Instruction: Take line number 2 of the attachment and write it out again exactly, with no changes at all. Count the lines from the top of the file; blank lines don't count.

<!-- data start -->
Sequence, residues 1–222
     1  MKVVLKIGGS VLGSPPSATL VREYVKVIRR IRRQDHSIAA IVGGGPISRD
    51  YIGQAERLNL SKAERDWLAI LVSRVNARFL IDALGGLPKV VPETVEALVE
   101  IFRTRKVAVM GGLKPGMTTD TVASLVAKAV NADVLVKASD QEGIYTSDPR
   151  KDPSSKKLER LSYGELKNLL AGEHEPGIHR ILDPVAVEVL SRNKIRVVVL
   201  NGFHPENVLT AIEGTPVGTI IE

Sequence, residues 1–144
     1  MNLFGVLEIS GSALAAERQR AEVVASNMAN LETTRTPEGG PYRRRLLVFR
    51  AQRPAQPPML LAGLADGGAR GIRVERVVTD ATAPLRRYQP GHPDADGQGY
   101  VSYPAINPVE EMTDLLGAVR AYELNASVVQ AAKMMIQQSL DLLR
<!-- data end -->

     1  MKVVLKIGGS VLGSPPSATL VREYVKVIRR IRRQDHSIAA IVGGGPISRD